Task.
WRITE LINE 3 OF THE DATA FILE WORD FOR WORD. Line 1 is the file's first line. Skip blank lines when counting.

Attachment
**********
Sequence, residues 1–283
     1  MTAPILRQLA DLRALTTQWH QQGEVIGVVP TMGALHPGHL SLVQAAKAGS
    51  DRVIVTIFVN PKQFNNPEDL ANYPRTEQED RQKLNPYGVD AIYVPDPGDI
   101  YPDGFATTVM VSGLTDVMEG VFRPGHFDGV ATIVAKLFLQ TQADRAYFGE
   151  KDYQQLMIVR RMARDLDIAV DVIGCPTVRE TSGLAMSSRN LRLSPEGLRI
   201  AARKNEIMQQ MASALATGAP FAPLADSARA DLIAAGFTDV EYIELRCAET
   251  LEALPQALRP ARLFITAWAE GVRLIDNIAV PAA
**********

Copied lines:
    51  DRVIVTIFVN PKQFNNPEDL ANYPRTEQED RQKLNPYGVD AIYVPDPGDI